Seeing $Green

David Smithers reports back from last weekend's anti-tar sands march in Minneapolis

Deposit site before and after extraction

June 6th in Minneapolis saw the march against tar sand extraction, bitumen oil pipelines and “bomb trains” (crude oil shipments by rail that have a bad habit of spilling.) It began with an indigenous tribal water ceremony on the banks of the Mississippi River, continued with a five thousand-strong march through the streets of St. Paul and was capped by a rally on the lawn of the state capitol. I leafleted for the Red Party there and met some fascinating political individuals. I participated in many exchanges about the class nature of green NGOs (non-governmental organizations), many of them represented by speakers there. Those green NGOs – 350.org, the Sierra Club, the National Wildlife Federation et cetera – were among the main drivers of the rally, although a large number of activist groups were also present in force, especially indigenous peoples’ organizations.

Meanwhile, Socialist Alternative, the Workers International League (Socialist Appeal) and Socialist Action sold their wares. There were a few folks there wearing Green Party tee-shirts. No organized presence of the Democrats or Republicans was evident by the time I left.

The rally was among the largest ever environmental demonstrations in the Midwest. Thousands of activists and organizers are drawing the connections between the capitalist fossil fuel industry, its paid servants in government, environmental racism and the growing threat of climate change.

In conversations with other protesters I tried to inject class politics into the discussion. While mass protests are certainly necessary to increase public awareness and as a pressuring tactic against government-corporate interests, they are in themselves not enough to win lasting reformslet alone the broad systematic change need to save the environment and secure our human future.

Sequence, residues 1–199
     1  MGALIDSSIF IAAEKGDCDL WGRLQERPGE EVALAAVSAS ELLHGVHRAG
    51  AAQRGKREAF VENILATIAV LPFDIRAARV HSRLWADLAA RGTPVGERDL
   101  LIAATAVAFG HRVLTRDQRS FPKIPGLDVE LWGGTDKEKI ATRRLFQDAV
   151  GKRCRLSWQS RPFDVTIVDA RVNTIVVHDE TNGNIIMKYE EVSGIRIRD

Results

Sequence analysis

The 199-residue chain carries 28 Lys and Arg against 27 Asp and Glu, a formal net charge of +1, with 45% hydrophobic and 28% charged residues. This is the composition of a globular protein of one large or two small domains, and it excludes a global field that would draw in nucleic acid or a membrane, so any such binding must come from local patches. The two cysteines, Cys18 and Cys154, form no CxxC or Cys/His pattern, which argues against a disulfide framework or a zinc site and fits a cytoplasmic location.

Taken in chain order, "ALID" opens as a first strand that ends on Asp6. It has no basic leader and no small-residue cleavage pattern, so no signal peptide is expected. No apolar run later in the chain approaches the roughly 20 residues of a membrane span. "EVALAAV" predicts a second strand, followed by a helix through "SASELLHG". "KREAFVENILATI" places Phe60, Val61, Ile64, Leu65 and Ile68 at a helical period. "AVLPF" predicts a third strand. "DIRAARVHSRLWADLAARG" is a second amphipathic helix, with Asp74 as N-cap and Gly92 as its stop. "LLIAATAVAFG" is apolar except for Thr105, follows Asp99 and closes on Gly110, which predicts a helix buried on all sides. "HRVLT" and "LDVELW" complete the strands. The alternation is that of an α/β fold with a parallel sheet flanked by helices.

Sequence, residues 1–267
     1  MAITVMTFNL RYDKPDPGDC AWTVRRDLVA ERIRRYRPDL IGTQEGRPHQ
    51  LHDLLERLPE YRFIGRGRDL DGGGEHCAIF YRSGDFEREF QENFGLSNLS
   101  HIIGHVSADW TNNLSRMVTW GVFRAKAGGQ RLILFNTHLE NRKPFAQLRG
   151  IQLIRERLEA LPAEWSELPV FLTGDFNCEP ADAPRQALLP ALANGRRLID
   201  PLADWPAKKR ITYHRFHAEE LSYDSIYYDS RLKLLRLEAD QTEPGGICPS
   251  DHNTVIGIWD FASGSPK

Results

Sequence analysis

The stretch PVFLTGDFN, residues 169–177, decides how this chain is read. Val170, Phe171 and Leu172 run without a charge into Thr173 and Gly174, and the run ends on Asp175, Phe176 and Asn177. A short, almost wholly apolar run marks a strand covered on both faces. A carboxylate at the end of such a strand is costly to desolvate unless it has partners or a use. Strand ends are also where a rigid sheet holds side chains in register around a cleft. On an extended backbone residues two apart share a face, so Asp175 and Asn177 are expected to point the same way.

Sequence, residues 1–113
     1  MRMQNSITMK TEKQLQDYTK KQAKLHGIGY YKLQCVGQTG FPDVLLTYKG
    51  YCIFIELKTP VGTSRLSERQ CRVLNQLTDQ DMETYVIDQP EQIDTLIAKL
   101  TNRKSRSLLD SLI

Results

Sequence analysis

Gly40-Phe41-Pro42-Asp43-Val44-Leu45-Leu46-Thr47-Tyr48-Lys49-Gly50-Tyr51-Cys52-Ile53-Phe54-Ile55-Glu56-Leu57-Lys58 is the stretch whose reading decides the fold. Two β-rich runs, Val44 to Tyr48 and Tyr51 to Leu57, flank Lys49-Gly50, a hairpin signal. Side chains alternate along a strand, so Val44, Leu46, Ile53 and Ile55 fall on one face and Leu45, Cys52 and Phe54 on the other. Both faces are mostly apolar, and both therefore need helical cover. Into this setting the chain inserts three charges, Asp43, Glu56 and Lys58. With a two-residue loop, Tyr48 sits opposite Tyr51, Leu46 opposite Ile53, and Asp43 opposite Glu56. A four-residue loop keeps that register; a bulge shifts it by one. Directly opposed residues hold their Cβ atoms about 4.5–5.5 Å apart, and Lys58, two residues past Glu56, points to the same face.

We communists believe that tinkering with the market via “green capitalism” is a dead end. The problems of ecological destruction are caused not by the natural human desire to live a full and rounded life but by the capitalist system’s mindless, short-termist lust for profit—expand or bust. We believe the working class is the central agent of positive social change, in alliance with all oppressed peoples. It is our labor that creates society’s wealth and it’s time we act in our own distinct interests, as opposed to those of the Democratic Party and green NGOs whose class nature will never allow them to take the radical measures needed.

To that end, the Red Party calls for unity among working-class and oppressed peoples’ anti-capitalist forces to fight in our workplaces, our communities and in our movement crucially including the labor movement— for a long-term vision of a planned, sustainable and green future. Along the way that includes struggle for a public green jobs program, public ownership & control of the fossil fuel industry for retooling to meet renewable energy needs, and the far- reaching extension of democracy as the path to environmental and social justice.

FacebookGoogle+TwitterShare

Be the first to comment

Leave a Reply

Your email address will not be published.


*



four × 9 =